At front and center of Patricia Ann Breame’s display was an early American mahogany drop leaf table surrounded by draped tables filled with antiques collected near her home in Woodstock, Maine. Tom Nagy, Chelsea Hill Antiques of nearby Hampton, Conn., was offering his collection of fine Nineteenth Century hardwood furniture and two favorite pieces, a dulcimer the size of a piano and an early cradle which he said were both French.
From western New York, Robert Perry was offering furniture in primitive or country style together with small accessories and a large collection of textiles. “I didn’t sell any furniture and that was disappointing but we came way ahead with the textiles.” On the other side of the coin, Benting and Jarvis, Amesbury, Mass., reported having “the second best show ever anywhere.” Colchester, Conn., dealer Philip Liverant was selling from an assortment of exotic small porcelain and glass objects including early blue transfer ware and some mercury glass.
Nancy Koly was selling from an extremely crowded area. She had been planning to spread out her Akron, Ohio, collection but the steady rains Saturday and early showers Sunday had her packing it all into the tent. Her offerings included Nineteenth Century furniture, majolica and accessories.
There was an early hammered sheet iron weathervane offered by Robert T. Baranowsky of Portland, Conn. Complete with a few bullet holes, it was for sale at the show for $1,275. Dennis and Dad, Fitzwilliam, N.H., offered its enormous collection of early English porcelain and soft paste dishes. Blue Dog Antiques was selling early furniture. Owner Jude Stallmach from Stafford Springs, Conn., said their favorite antiques are the Pilgrim style, which she often offers together with her Illinois friend, Marian Atten.
North Carolina was represented by at least two dealers. From Raleigh were Rick and Dwan Mabrey with early American primitives and some American Southwest style furniture and textiles. Susan and David Byerly of Madison were offering their collection, which is assembled primarily on their trips to Europe.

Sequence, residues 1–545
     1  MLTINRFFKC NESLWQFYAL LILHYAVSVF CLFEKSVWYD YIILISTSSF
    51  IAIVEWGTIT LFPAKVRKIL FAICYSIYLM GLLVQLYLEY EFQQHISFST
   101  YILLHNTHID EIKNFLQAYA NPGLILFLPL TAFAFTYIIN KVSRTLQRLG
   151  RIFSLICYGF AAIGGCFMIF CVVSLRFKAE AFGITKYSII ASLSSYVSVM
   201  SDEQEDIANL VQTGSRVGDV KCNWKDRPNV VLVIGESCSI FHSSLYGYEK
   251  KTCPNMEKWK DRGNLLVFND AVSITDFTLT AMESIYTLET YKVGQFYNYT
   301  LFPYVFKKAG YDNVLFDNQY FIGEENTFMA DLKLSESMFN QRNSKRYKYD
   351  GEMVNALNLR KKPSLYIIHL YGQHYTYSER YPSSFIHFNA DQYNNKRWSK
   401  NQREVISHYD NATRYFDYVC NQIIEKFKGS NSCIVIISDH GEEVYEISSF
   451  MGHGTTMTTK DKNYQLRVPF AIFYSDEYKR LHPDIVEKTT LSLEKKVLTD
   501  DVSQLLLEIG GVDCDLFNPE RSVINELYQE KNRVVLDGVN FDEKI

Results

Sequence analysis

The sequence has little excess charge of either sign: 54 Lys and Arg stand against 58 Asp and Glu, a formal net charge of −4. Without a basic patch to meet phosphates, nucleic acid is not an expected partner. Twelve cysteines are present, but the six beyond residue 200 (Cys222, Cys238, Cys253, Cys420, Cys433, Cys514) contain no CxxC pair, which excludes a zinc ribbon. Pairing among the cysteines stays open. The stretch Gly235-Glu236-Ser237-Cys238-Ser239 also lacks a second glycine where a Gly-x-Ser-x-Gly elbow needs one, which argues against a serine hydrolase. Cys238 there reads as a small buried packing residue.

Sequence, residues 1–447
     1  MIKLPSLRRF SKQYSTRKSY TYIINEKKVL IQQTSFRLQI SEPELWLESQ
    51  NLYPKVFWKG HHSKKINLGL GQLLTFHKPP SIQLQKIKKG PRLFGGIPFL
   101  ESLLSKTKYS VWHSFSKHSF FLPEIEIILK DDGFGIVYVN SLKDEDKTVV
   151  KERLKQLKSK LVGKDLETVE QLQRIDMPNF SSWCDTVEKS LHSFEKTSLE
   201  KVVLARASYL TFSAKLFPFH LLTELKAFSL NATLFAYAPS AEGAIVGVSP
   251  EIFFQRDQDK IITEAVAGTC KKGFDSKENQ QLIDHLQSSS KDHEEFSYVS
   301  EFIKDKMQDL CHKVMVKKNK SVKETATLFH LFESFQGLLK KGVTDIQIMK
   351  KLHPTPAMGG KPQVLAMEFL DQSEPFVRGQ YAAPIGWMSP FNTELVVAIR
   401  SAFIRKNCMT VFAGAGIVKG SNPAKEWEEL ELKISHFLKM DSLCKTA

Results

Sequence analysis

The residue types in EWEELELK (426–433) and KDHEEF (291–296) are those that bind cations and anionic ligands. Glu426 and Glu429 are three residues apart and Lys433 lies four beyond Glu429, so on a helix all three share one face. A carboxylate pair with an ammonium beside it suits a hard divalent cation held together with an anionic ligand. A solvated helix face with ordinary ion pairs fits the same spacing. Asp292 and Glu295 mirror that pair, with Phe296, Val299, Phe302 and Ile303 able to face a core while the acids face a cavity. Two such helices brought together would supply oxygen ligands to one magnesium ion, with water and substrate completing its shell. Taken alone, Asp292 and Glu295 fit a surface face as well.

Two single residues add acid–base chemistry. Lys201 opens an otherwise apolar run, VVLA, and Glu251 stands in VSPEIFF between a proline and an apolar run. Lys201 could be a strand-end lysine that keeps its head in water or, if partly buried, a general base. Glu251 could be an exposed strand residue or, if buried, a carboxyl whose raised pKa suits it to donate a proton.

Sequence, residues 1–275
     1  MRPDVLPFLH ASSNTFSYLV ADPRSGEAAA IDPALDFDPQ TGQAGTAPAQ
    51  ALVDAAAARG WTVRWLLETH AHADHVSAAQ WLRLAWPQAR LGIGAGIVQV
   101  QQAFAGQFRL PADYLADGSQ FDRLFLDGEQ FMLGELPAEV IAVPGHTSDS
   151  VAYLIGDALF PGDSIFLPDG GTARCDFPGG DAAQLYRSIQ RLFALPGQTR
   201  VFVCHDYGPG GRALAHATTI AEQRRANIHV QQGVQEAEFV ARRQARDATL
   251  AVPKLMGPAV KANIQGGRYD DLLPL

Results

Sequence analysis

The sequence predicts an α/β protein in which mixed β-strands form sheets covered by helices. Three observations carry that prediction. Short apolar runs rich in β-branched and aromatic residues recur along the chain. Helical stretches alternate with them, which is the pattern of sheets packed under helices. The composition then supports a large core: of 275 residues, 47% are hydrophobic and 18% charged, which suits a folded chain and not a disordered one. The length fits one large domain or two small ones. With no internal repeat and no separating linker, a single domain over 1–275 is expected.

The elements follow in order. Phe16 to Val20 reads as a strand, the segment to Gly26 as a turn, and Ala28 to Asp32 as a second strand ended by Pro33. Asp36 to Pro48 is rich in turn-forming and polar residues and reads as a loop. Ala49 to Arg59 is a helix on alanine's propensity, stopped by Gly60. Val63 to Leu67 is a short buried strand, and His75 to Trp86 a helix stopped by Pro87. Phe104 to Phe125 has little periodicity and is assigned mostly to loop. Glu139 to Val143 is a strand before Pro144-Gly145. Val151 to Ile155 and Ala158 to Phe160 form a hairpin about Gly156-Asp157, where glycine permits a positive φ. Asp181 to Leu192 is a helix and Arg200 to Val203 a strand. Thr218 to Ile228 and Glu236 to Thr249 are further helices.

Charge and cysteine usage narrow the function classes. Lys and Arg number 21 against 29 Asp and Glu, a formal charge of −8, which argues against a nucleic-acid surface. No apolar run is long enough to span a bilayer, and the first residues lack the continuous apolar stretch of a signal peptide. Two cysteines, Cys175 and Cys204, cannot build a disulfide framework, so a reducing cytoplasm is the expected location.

Indiana is home for the promoters, Steve and Barbara Jenkins, and they have encouraged Gayla Bailey to also venture east for the show. This Georgetown, Ind., dealer shows early painted furniture and had a collection of early dolls.
Textiles in many forms were available. Marsha Manchester, Hallowell, Maine, specializes in dining table pieces. Connie Brown, Norwalk, Conn., was offering a wide assortment of early handmade quilts and bed coverlets while Becker Brooks, Washington, D.C., had an early homespun coverlet.
The show has a long tradition as the best source for early American and country style antiques. Founded by Don Mackey 25 years ago it was sold to another promoter about 15 years ago then to Jenkins before the June 2000 show. The absent dealers were only about 15 percent of the total expected so there was still a great selection for the visitors.
Held twice each summer, in mid June and Labor Day weekend, look for it again next year. Jenkins said he is negotiating the sale of the Polo Grounds but the sale gives him the lease back rights for the show for the next ten years. For information, www.jenkinsshows.com or 317-598-0012.
5 Church Hill Road / Newtown, CT 06470
Mon - Fri / 8:00 am - 5:01 pm